Wednesday, August 10, 2011

Favorite Bookstores #1: The Old Man's Place

(Warning: The only reason this series exists is as an excuse for me to wallow in nostalgia. If that's not your sort of thing, feel free to skip it. The posts will appear on an irregular basis, but they'll all be clearly marked.)


I'm sure the business establishment had an official name written down somewhere, but Livia and I never called it anything except The Old Man's Place. We discovered it in the early years of our marriage. It was a low, rambling, ramshackle white frame building a few blocks from what was then General Dynamics (now Lockheed-Martin) on the western edge of Fort Worth. A hand-lettered sign next to the door read BOOKSTORE – WE READ BOOKS – WE BUY BOOKS – SOMETIMES WE EVEN SELL BOOKS. What it really was, was a junk store, but there were books in there along with everything else under the sun. Oh, my, yes, there were books.


There were several long aisles of rickety wooden shelves in one half of the building, and there were also shelves around the walls. They were filled with paperbacks, sort of arranged by categories but not too carefully. There were also shelves of hardbacks and magazines, and books stacked in the floor, and literally piles of books, most of them covered with a fine layer of dust. A lot of books that were on lower shelves were water damaged, because there had been a flood at some time in the past. Every now and then you'd find one that was in excellent condition, but most of them were beat to hell, nothing more than reading copies. What reading copies they were, though.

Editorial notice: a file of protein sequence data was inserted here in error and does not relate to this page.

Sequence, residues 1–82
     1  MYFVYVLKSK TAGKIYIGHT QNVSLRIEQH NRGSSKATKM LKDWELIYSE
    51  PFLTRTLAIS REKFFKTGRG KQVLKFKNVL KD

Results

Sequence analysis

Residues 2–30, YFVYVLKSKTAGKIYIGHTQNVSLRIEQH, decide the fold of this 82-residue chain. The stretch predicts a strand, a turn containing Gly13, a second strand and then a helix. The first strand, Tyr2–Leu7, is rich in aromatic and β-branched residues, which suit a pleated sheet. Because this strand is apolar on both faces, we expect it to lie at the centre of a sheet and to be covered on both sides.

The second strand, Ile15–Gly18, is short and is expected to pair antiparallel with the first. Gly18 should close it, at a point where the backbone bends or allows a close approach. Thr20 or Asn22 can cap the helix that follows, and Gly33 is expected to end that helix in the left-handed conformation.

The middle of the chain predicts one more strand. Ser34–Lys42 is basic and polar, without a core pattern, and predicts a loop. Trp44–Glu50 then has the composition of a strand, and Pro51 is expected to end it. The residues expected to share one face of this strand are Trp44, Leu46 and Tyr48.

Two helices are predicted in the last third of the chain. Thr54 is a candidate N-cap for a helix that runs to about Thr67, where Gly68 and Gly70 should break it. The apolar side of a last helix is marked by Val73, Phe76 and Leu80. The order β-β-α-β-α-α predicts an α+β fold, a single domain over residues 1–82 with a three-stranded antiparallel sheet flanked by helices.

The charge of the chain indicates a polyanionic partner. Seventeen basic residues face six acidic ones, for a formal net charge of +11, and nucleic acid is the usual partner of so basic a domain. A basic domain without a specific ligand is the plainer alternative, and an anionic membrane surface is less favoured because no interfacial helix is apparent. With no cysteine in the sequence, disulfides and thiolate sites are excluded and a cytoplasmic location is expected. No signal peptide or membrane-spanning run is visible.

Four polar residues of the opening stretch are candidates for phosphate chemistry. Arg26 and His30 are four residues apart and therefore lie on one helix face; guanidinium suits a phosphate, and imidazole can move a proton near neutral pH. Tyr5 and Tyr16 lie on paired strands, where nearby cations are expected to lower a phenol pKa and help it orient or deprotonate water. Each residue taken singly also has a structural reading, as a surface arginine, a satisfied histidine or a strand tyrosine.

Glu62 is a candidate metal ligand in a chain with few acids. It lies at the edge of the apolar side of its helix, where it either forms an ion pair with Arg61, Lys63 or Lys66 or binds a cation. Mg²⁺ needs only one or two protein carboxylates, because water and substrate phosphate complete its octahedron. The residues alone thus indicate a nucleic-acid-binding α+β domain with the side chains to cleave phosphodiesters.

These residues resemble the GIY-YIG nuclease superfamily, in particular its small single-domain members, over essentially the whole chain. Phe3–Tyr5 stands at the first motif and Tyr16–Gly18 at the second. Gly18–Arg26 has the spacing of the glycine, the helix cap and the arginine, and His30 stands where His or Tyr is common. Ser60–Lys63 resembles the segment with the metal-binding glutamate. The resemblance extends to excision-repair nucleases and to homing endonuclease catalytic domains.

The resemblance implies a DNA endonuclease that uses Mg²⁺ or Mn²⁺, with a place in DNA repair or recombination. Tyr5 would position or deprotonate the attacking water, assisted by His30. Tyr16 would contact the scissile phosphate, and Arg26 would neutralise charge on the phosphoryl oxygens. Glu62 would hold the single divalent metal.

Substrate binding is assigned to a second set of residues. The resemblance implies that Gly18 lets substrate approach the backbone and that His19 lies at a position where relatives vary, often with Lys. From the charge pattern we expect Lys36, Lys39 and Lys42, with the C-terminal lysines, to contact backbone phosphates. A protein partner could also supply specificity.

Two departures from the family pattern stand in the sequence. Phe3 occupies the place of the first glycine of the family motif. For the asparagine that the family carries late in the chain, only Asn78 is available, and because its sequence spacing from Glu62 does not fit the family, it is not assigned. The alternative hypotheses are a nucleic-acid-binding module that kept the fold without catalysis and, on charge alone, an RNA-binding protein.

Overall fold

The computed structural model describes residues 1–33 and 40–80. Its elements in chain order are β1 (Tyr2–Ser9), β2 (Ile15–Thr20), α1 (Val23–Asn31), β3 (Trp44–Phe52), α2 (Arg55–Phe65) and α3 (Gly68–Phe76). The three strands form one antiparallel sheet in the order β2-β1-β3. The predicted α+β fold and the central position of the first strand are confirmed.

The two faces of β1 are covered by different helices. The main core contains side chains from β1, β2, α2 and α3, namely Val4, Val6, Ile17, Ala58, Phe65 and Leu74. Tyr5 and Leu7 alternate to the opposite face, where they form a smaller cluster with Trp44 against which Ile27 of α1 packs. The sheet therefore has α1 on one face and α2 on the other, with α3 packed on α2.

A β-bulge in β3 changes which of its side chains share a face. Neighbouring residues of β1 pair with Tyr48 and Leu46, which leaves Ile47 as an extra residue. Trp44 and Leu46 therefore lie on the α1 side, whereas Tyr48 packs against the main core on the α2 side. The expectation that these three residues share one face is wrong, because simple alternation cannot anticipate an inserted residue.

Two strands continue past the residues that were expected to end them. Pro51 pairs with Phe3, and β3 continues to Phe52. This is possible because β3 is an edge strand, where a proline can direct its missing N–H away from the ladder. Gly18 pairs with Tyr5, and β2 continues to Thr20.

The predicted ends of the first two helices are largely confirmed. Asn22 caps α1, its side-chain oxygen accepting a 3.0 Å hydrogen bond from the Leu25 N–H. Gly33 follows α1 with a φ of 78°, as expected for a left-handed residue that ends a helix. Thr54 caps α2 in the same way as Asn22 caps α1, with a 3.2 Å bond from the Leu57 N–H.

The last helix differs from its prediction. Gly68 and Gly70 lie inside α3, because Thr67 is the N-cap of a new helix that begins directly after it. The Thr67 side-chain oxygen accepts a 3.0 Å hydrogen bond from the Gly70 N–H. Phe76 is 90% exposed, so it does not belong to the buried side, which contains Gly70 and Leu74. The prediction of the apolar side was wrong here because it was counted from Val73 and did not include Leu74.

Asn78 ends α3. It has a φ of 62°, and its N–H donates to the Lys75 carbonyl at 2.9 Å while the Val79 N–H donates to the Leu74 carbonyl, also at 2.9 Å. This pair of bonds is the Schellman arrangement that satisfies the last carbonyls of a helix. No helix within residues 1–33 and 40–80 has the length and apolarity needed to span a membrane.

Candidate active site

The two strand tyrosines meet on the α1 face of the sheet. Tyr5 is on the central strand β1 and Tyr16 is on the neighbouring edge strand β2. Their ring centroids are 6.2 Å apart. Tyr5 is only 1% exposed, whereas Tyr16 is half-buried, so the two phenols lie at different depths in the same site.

Gold Medals. Ace Doubles. Early Avons and Paperback Library books and Graphics and Bantams . . . I carried stacks and stacks up to the front where the owner sat on an old plastic chair by the door. He had a pricing system, I guess, but I never figured out what it was. He would glance at the books as he dropped them one by one into an old grocery sack and say, "That one's a nickel . . . nickel . . . that one's a dime . . ." This would go on for a little while, and then he would just put all the rest of the books in the sack and say, "Gimme seven dollars." Which I did, gladly.


One day I looked around a corner in the store where I'd never looked before, and there was a set of shelves containing issue after issue of MANHUNT, going all the way back to the first issue. It wasn't a complete run or anything, but there were a lot of them, and I toted them up to the front and paid the Old Man ten or twelve dollars for the whole bunch.


The Old Man, whose name was George Snapka, by the way, was a talkative sort, and he liked Livia and me. He was also a reader and fan of mystery fiction, and when he found out that I had written Mike Shayne stories we talked a lot about that. One day he mentioned that he had a lot more books over in the other side of the building but didn't let anybody go over there because there was too much junk in it and it might not be safe. Well, that was all I had to hear, of course. I pestered him into letting me explore that hitherto unexplored territory. There weren't as many books back there as he made it sound like, but I found a number of cardboard boxes full of the same sort of stuff that I'd been buying and took home a few more grocery sacks full of books.


Like I said, the books were dusty, and usually when we'd get them home, I'd get a rag and try to wipe off some of the dust. One of the cats we had then, Patches by name, was fascinated by this and would come up and grab the rag I'd been using out of my hand. Then he'd drop it in the floor, throw himself down on it, and roll around on it like it was covered with catnip instead of book dust. Years later we read that some book dust contains mold spores that can cause a hallucinogenic effect. I don't know if that's true or not, but from then on we always figured that old Patches had been getting high on that book dust.


Lord knows I can.